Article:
From crown jewels to semi-precious baubles, humans have always been fascinated by gemstones.
In 2015, the world’s second-largest uncut diamond – the size of a tennis ball – was discovered in Botswana. This year, a pastor in Sierra Leone unearthed a 709-carat diamond and, in South Africa, Diamcor Mining discovered a rare green diamond that’s now ranked as the world’s third largest.
With bigger gems being pulled out of the ground every few decades, the list of record-breaking gems continues to grow. Here are some of the most famous, record-breaking gemstones from around the world.
Discovered in Sri Lanka in 2016, the Star of Adam is the largest blue star sapphire in the world. The “star” in this type of sapphire appears only when the gem is put under a light.
The Star of Adam has been valued at US$300 million. It was named in accordance with the Muslim belief that Adam went to Sri Lanka after being banished from Eden.
The increase in popularity for sapphire engagement rings over the more traditional diamond has been attributed to the Duchess of Cambridge’s engagement ring, which holds the 12-carat oval Ceylon blue sapphire, originally worn by Princess Diana.
Olympic Australis, discovered in 1956 in Australia, is the world’s largest and most valuable opal. The decision was taken to keep it whole – but were it to be cut, the opal’s overall value is an estimated US$1,8 million.
The gem was named in honour of the 1956 Olympic Games held in Melbourne. It’s on permanent display in Sydney, at the offices of Altmann & Cherny Ltd.
This enormous 22,892-carat (roughly 4.6 kilograms) yellow topaz was discovered in Brazil. Originally weighing in at 11.8 kilograms, it was cut into its 172-facet shape over the course of two years in the late 1980s. It is one of the largest faceted gems in the world.
The American Golden Topaz is on permanent display at the Smithsonian Museum in Washington D.C.
This unfaceted gemstone weighs an astounding six tonnes and is 1.6 metres in diameter. Despite its name, the stone is not actually a pearl but rather a crystal, made up mostly of the mineral fluorite. It is estimated to be worth US$301 million and took three years to grind down to its round shape.
The Pearl can be found in China, where real pearls are more highly prized than diamonds.
Carved into a faceted obelisk shape by Bernd Musteiner over a number of months, the Dom Pedro is the largest single piece of cut aquamarine in the world, at 10,363 carats.
It was cut from a much larger 1-metre long piece, which was discovered in Brazil. Unfortunately, the giant gem was dropped and broke into three pieces, one of which was later cut into the Dom Pedro.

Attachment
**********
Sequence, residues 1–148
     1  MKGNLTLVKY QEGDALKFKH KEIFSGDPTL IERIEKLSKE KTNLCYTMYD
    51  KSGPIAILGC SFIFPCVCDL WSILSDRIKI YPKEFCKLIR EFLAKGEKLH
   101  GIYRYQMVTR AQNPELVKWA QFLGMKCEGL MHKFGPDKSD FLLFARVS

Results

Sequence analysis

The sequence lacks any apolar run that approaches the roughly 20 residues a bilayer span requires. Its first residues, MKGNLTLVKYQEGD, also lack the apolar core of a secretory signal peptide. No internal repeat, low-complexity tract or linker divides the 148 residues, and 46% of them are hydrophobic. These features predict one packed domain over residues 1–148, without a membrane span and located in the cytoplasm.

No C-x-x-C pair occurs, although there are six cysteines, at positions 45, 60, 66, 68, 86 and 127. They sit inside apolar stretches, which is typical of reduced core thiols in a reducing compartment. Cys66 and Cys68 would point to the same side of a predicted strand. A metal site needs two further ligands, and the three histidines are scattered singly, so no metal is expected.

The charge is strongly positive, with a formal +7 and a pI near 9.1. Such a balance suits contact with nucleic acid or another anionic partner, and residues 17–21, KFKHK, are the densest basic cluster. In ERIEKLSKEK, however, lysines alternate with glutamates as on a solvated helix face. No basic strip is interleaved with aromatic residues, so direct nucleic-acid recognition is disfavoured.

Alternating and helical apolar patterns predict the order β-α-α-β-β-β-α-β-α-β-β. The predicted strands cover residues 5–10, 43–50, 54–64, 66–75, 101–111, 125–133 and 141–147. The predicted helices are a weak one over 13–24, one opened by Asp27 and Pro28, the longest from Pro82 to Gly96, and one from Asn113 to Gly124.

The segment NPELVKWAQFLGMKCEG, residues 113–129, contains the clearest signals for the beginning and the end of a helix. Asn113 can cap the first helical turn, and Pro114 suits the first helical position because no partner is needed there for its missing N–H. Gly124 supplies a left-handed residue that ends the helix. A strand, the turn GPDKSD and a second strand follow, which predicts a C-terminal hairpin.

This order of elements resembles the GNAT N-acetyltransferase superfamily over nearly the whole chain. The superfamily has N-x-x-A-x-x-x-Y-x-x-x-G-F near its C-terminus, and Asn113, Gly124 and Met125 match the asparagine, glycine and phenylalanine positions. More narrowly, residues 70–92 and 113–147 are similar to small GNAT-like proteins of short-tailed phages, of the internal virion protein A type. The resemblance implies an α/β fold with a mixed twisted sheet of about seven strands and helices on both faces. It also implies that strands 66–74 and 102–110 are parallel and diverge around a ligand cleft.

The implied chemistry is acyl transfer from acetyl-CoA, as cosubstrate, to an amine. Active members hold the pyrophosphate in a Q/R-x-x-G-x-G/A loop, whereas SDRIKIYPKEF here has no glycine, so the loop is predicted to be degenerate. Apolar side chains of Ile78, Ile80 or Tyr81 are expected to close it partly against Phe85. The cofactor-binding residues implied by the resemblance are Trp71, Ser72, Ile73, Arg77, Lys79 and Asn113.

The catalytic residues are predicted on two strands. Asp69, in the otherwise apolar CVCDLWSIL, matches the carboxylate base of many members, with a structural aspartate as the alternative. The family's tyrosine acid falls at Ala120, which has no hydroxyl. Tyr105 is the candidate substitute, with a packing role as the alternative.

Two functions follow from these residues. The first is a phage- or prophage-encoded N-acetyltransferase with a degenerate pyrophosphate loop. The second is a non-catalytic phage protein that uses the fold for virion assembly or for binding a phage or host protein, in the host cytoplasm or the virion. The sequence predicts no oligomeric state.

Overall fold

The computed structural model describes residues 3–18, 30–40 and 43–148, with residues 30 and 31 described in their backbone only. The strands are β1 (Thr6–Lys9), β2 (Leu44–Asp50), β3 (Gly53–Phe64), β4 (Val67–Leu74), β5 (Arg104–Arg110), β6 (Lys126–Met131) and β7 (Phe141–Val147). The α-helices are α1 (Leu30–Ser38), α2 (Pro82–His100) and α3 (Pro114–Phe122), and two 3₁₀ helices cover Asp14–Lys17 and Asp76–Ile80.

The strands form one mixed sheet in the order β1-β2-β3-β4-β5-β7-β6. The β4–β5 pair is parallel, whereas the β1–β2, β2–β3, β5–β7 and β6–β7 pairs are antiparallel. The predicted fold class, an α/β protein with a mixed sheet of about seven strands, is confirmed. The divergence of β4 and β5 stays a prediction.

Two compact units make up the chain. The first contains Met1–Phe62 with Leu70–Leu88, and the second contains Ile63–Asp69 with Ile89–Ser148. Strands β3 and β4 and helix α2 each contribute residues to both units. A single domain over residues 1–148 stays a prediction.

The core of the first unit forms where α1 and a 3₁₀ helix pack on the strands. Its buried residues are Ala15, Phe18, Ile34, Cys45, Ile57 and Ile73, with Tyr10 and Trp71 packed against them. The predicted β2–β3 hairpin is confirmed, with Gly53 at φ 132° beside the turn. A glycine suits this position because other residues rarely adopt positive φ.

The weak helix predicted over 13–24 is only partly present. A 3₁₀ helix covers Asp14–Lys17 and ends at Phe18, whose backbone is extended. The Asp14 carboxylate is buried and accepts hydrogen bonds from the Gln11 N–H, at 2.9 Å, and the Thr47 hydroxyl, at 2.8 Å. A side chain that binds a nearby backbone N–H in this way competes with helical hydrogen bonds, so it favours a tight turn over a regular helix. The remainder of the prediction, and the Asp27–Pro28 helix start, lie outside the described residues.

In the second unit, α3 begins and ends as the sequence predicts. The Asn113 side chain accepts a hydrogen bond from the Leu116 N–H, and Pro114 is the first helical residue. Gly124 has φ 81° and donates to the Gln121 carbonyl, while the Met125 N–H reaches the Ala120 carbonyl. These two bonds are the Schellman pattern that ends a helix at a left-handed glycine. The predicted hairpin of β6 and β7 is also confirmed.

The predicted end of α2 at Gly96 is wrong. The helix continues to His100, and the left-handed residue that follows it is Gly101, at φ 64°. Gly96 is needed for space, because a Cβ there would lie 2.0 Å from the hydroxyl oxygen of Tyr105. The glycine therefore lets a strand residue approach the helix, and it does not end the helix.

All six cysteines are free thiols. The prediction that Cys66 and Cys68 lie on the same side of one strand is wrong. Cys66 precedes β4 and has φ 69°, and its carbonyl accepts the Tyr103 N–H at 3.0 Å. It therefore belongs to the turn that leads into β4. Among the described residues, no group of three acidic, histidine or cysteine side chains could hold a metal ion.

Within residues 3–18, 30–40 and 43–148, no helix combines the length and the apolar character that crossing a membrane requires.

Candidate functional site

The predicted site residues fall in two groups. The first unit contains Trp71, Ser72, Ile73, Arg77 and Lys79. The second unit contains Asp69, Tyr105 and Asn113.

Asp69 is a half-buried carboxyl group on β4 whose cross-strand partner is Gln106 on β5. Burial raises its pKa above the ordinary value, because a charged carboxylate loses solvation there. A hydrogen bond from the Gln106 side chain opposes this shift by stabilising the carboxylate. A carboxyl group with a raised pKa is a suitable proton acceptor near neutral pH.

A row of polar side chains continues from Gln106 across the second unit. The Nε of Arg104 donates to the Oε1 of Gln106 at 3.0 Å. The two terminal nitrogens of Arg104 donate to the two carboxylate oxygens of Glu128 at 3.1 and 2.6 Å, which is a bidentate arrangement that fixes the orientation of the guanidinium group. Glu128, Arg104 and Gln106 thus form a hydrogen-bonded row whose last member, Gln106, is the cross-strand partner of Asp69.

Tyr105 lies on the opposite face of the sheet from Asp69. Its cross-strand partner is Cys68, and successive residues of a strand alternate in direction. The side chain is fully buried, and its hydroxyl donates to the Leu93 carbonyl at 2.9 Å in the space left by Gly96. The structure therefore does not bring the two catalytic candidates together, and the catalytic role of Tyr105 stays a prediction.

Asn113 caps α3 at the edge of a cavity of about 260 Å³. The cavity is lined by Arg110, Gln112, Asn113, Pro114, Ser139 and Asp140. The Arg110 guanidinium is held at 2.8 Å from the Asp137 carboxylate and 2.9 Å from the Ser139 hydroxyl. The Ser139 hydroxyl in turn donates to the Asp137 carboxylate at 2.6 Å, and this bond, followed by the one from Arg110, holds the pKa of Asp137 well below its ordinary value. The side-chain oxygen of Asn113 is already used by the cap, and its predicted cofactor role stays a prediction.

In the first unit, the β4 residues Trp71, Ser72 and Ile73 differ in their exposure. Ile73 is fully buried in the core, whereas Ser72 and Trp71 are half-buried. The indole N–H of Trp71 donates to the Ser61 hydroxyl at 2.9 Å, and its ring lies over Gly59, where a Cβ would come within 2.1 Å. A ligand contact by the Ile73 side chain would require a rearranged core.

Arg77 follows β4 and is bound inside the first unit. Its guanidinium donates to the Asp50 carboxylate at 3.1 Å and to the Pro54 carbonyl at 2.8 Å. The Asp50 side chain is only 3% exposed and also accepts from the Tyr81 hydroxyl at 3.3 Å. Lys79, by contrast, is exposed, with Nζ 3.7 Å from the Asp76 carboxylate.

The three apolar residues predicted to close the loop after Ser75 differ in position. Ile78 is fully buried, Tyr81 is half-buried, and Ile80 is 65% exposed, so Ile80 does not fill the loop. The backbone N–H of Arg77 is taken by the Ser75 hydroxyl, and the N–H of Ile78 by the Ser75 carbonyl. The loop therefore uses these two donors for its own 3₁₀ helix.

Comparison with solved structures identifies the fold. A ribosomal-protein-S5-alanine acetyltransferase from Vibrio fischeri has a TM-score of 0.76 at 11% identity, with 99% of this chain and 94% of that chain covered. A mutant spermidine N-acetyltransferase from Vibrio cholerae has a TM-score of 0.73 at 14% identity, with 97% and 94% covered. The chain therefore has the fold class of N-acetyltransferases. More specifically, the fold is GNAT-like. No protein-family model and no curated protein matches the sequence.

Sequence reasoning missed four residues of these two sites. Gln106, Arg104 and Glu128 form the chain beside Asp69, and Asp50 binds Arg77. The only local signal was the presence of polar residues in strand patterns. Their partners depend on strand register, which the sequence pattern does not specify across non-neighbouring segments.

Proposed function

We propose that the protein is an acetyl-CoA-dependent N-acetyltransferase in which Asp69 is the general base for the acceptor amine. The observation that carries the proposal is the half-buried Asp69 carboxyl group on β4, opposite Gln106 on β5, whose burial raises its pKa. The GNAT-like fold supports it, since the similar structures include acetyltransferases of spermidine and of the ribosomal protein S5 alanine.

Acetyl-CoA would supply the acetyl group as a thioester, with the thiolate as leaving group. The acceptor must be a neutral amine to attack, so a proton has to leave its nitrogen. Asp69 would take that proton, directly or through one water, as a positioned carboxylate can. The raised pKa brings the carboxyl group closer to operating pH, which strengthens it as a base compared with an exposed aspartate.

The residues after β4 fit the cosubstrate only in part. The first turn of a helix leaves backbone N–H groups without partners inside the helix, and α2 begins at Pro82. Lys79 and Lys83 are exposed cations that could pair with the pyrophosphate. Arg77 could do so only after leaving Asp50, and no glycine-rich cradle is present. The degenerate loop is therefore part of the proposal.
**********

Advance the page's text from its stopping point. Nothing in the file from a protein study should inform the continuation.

The obelisk weighs 27 kilograms and is 36 centimetres tall. The volume of aquamarine can be valued at roughly US$6 million; however, the actual worth of the piece has been referred to as “incalculable”. The Dom Pedro is on permanent display at the Smithsonian Museum in Washington D.C.
A fisherman discovered this natural pearl in a giant clam in the Philippines. He then kept the gem hidden under his bed for ten years as a good luck charm. The pearl weighs 34 kilograms and measures 60 by 30 centimetres.
It hasn’t been officially valued, but the previous record holder, the Pearl of Lao Tzu, which is one-fifth the size, was valued at US$93 million.
The pearl is on display at the City Hall in Puerto Princesa.
This sapphire was dug out of the ground in 1907 in Sri Lanka. The rough, uncut gem weighed in at more than 600 carats. It’s 466 carats in its faceted and polished state. Originally sold to an anonymous American collector, it disappeared from public view until 2004, when Christie’s unexpectedly billed it for auction.
The 6.3-centimetre sapphire was estimated to go for upwards of $1.5 million but after a disappointing auction, an anonymous British buyer offered $1 million for the gem. It has remained out of sight ever since.
This recent find might not be much to behold now, but at a remarkable 175 tonnes, it is the largest piece of jade ever unearthed. Once cut and polished, jade is a green, near-translucent gem that is Myanmar’s biggest export. It’s sold primarily to China, where it’s known as the “stone of heaven”.
At 5.5 metres in length and width, the stone has been valued at approximately US$240 million.
This 545.67-carat champagne diamond stole the title as the world’s largest faceted diamond from the Cullinan I, also known as the Great Star of Africa. It was discovered in Gauteng by De Beers in 1985. In its rough state, it weighed in at 755 carats. Its value is estimated at US$4 to 12 million.
In 1997, the Golden Jubilee was presented to the King of Thailand for his Golden Jubilee. Today it’s in the Royal Thai Palace as part of the Crown Jewels of Thailand.
This rare gem forms part of the collection of G. Vidyaraj, a member of the fourth and last Hindu dynasty that ruled the Vijayanagara Empire in South India.
The Neelanjali Ruby features a unique 12-point star-shaped refraction – called an asterism – that is visible only when it’s under direct light. This forms a double star.
This 1,370-carat ruby is reportedly in Bangalore, India and has been valued at roughly US$100 million.
The Bahia Emerald is a 341-kilogram uncut emerald, discovered in Brazil in 2001. It’s made up of several emerald shards, which are encased in a host rock. It is the largest and heaviest emerald cluster ever found and is reportedly worth US$400 million.
The emerald spent two months under water during Hurricane Katrina and is currently the subject of a lengthy, unresolved custody battle between multiple parties, including the Brazilian government.
The 125West is the world’s largest uncut ruby, weighing in at 18,696 carats and measuring 122 by 112 centimetres. It’s suspected that if the ruby were polished but not cut, it would display an asterism, or star-shaped refraction. The ruby is currently available for purchase from its current owners.
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